A Final Comment
Hondurans have endured decades of repression, injustice, and poverty, the latter affecting almost 60% of the population. For over 36%, it's extreme. In addition, the Honduran Institute of Statistics reports unemployment in Honduras at 51%, mainly affecting young workers.
Yet last February, Lobo imposed regressive tax hikes, and 20% across-the-board spending cuts, what IMF and World Bank loans require, both agencies last March formally recognizing his government and unfreezing $194 million in funding, nearly 85% from the IMF.
Washington also restored over $30 million in aid, and at Secretary of State Clinton's urging, the Organization of American States may readmit Honduras, no matter its illegitimate government and draconian austerity against its poor and disadvantaged, measures the IMF and World Bank demand, ones European officials announced at the June G20 session, what economist Michael Hudson calls the "road to financial serfdom," the same one Obama's chosen to transform America into Honduras, complete with police state harshness.
Stephen Lendman lives in Chicago and can be reached at Also visit his blog site at and listen to cutting-edge discussions with distinguished guests on the Progressive Radio News Hour on the Progressive Radio Network Thursdays at 10AM US Central time and Saturdays and Sundays at noon. All programs are archived for easy listening.

Honduras military under spotlight over abuses

TEGUCIGALPA, Honduras, June 28 (UPI) -- Honduran military and other security forces are under a spotlight after a renewed round of condemnation of human rights abuses allegedly committed during the five months after a June 2009 coup that toppled President Jose Manuel Zelaya and continuing to date.
This time the focus is on the government of President Porfirio Lobo, elected successor to Zelaya in a November 2009 election organized by coup leader Roberto Micheletti. Lobo's conciliatory stance toward the coup regime has meant there has been no real progress on investigating the alleged crimes reported when the military and security forces sought to crush supporters of Zelaya and opponents of the military takeover.
Human rights group Amnesty International Monday cited evidence Lobo's government had failed to act against military and police officers implicated in mass arrests, beatings and torture.
Instead, freedom of expression in the country has taken a dive, with at least seven journalists confirmed killed in the past three months, Amnesty International said.
Lobo has been seeking political and diplomatic rehabilitation for his regime but is still shunned by most of Latin American and international community. Successive U.S and European mediation efforts to help Honduras earn respectability have been thwarted by international resistance to Lobo's inaction.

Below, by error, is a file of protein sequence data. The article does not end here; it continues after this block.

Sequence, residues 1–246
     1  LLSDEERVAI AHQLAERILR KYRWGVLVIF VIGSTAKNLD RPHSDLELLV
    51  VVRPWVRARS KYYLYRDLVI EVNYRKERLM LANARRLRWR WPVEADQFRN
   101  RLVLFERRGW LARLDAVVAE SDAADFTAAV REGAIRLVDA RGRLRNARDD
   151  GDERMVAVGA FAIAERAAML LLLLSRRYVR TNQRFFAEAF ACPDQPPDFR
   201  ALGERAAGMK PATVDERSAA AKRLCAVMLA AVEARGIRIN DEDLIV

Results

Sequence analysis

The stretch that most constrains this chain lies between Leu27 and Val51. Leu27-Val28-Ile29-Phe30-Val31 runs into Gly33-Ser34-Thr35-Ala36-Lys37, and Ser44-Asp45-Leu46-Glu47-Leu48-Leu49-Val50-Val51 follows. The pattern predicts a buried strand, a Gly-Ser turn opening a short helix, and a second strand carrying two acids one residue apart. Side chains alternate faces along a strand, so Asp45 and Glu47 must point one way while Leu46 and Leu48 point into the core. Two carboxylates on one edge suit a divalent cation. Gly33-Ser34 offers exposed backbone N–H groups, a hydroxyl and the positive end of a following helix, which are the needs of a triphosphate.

Last month the Inter-American Commission on Human Rights visited Honduras and reported that impunity for human rights violations continues, both in terms of violations verified by the IACHR and the U.N. Office of the High Commissioner for Human Rights and those that continue to occur."
The IACHR report made clear that not only past abuses were going unpunished but new violations were continuing.
Zelaya was forced from power June 28, 2009, in a coup authorized by the Honduran judiciary and backed by the military. Numerous attempts to have him reinstated were resisted by Micheletti's administration, which proceeded to have Lobo elected as president.
Micheletti's group received prompt amnesty when Lobo took office but it took months for a truth and reconciliation commission to get started.
"President Lobo has publicly committed to human rights but has failed to take action to protect them, which is unacceptable," said Guadalupe Marengo, Amnesty International's Americas deputy director.
"He needs to show he is serious about ending the climate of repression and insecurity in Honduras -- otherwise the future stability of the country will remain in jeopardy," Marengo said.
The killings of seven journalists adds to a death toll of at least 10 people who were victims of violence during popular protests against the coup.
Human rights activists, opposition leaders and even judges suffered threats and intimidation, media outlets closed and journalists were censored.
There were also reports of security force personnel committing acts of sexual violence against women and girls, Amnesty International said.
Judges viewed as critical of the coup suffered a series of arbitrary transferals and unfair disciplinary proceedings. Most of the judges targeted belonged to Judges for Democracy, which promotes principles of fairness and transparency.
"It is a sad fact that no redress has been provided to the numerous victims who suffered serious abuses at the hands of the police and military during the de facto government's time in power," said Marengo.
"These grave human rights violations must not be forgotten or go unpunished. Victims have the right to truth, justice and reparation."
The IACHR cited the role played by the Supreme Court of Justice in instigating the coup and in orchestrating repression and condoning measures against critics.
"The generalized impunity for human rights violations is facilitated by decisions of the CSJ that weaken the rule of law," IACHR said.
"In addition to the CSJ's disputed role during the coup d'etat, it subsequently decided, on the one hand, to dismiss charges against the members of the military accused of participating in the coup and, on the other, to fire judges and magistrates who sought to prevent the coup through democratic means."